4. If necessary, complete a course or independent work in methodologies appropriate to the research, such as quantitative methods (including experimental or survey methods and social statistics), analytic methods for networks and systems, econometrics, qualitative and historical methods or other tool subjects.
5. Deliver an oral presentation outlining the proposed dissertation topic and plan of research. This is generally done during an informal gathering of classmates and advisers held during the spring term of the second year of coursework.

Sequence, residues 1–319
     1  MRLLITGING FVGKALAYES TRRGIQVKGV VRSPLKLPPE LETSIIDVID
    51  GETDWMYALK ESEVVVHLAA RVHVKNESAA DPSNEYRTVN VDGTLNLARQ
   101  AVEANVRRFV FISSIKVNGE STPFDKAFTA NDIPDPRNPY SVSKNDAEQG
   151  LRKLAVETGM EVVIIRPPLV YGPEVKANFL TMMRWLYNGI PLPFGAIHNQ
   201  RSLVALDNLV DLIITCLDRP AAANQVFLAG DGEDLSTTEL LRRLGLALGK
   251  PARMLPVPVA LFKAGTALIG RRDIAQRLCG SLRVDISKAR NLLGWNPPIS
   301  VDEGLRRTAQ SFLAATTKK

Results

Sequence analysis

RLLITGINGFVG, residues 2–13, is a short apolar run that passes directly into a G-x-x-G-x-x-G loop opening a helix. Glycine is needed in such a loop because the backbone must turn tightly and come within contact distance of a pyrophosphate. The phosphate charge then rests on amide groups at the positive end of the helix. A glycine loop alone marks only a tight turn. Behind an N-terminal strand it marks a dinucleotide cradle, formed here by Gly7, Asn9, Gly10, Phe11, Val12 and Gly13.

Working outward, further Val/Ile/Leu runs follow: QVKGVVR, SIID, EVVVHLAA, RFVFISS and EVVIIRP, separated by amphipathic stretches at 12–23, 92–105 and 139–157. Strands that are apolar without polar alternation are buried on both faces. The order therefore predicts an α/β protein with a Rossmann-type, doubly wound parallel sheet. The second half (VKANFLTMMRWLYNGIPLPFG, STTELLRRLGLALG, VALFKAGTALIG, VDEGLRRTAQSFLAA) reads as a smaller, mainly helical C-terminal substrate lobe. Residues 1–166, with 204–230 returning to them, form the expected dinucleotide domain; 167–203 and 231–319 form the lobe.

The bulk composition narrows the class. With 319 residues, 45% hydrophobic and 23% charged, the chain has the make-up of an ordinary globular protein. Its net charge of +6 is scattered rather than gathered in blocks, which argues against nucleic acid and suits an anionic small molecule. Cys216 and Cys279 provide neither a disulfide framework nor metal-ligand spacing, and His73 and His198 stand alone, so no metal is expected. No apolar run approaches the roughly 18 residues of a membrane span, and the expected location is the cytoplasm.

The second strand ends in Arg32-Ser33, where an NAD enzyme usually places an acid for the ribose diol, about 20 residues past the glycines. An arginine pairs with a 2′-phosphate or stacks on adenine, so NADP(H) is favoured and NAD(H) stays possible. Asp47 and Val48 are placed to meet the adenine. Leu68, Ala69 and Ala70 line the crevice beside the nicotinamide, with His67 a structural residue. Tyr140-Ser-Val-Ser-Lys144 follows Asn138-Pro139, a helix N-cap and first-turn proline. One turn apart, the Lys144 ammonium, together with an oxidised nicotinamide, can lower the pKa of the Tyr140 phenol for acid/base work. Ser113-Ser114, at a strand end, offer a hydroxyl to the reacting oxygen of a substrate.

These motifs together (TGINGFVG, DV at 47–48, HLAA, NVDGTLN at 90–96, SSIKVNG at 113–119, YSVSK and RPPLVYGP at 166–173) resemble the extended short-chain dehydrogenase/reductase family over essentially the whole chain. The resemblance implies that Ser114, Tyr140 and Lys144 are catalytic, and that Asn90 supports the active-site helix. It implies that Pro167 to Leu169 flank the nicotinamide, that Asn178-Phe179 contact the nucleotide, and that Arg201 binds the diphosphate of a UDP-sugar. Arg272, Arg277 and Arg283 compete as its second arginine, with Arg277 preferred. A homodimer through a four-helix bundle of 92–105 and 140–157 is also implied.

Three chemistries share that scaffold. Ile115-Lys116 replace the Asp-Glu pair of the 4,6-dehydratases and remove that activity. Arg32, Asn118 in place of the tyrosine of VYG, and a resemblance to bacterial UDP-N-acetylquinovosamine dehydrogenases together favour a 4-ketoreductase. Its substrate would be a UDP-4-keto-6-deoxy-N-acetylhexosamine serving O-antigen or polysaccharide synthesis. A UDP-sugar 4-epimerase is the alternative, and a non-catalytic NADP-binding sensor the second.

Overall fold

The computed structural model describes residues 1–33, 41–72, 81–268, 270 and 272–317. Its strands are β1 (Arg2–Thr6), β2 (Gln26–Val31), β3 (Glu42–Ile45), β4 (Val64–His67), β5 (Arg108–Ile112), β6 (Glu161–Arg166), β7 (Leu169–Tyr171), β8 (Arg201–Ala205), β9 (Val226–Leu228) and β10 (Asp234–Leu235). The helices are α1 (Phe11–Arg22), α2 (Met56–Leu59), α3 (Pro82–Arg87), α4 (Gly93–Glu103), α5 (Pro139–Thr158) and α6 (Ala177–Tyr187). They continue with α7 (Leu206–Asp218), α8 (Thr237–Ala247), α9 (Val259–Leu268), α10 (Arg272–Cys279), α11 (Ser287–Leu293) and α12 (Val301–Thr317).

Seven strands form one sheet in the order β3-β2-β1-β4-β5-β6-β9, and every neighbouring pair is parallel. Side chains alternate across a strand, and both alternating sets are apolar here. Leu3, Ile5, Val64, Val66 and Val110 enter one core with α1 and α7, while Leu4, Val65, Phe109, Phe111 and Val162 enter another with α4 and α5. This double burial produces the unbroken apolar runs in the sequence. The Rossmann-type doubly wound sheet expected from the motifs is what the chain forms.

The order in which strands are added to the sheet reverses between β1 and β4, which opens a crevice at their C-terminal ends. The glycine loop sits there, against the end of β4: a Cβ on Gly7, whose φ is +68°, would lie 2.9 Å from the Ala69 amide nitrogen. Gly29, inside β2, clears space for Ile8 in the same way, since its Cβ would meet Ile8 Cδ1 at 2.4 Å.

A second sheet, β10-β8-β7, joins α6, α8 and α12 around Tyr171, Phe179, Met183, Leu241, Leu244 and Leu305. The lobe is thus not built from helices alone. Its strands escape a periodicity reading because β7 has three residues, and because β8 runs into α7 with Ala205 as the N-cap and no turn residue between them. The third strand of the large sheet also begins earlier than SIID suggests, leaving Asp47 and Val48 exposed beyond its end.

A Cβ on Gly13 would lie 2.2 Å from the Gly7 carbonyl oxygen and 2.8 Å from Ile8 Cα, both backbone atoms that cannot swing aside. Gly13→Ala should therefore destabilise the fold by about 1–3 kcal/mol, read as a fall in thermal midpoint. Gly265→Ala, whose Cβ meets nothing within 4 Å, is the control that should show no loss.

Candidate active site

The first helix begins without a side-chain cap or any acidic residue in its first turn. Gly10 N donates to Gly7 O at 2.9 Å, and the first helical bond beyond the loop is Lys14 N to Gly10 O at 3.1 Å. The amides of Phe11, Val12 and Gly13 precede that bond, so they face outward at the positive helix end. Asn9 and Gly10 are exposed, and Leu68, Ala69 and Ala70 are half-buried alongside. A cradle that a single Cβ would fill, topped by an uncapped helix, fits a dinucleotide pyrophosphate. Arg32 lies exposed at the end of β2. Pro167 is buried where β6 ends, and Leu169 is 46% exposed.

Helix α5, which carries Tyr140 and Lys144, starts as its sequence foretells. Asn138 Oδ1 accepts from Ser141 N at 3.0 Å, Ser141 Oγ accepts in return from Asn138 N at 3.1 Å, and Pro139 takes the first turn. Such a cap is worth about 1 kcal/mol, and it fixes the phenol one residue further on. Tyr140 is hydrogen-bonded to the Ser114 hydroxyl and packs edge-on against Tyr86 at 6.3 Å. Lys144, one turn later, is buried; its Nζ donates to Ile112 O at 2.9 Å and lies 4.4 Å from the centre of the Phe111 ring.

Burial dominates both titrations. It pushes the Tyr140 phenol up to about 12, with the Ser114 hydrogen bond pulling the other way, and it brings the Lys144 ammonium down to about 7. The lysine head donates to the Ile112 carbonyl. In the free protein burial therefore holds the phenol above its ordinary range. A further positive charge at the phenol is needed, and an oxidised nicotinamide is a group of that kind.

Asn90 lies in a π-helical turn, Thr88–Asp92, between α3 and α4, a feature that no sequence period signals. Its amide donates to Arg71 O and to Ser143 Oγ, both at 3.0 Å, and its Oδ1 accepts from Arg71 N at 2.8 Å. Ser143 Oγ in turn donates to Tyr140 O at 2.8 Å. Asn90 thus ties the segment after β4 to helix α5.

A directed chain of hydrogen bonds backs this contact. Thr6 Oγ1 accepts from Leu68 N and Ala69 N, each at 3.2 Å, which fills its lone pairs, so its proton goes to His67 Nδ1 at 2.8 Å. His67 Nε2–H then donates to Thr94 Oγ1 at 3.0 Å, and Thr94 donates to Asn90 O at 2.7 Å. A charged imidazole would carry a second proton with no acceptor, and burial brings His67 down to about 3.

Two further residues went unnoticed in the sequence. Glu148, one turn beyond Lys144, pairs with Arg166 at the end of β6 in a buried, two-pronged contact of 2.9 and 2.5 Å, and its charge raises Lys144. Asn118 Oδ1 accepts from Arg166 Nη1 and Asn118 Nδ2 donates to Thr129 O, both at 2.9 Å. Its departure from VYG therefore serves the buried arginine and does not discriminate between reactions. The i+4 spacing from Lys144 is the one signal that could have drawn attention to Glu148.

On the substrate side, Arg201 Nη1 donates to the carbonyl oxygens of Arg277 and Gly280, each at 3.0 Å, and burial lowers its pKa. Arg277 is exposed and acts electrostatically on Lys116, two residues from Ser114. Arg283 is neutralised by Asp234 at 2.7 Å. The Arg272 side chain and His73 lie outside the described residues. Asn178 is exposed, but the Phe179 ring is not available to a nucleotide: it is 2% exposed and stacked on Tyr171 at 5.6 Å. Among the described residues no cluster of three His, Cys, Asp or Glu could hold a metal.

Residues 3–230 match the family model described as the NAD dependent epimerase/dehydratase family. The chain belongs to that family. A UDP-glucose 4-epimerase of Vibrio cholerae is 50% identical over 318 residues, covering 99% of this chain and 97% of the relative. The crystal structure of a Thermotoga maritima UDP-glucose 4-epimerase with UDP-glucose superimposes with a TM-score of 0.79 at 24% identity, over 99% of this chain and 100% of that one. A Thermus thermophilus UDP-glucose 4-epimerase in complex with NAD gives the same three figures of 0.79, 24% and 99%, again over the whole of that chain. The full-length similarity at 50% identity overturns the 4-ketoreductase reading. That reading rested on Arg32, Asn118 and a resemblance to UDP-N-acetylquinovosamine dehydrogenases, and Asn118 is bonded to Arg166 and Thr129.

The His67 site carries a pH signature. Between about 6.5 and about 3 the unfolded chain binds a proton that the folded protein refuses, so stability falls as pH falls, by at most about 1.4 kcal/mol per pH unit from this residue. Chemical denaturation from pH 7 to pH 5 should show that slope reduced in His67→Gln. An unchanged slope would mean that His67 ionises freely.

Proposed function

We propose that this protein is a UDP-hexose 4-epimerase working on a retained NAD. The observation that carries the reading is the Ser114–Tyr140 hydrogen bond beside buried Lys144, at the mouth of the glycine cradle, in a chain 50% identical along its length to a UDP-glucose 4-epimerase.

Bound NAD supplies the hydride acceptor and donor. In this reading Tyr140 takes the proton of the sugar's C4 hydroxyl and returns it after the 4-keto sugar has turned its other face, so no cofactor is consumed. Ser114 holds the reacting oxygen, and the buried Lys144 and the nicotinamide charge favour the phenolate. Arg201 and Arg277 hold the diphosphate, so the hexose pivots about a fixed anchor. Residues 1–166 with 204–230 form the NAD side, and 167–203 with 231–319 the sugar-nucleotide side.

6. Pass a comprehensive examination. Students choose ONE of the following options: 1) a traditional set of exams that assesses the student’s mastery of the significant literature in his or her fields of concentration; or 2) a series of tasks that require the kind of research and teaching preparation normally carried out in an academic career. In either case, the program chair must approve an advisory committee of three faculty members, at least one and preferably two of whom must be members of the communications Ph.D. faculty subcommittee; if appropriate, the committee may include a member from outside Columbia. Students are strongly encouraged to finish this requirement no later than the end of the semester following the one in which they have finished all coursework, but they must finish the comps by the end of the second semester after coursework.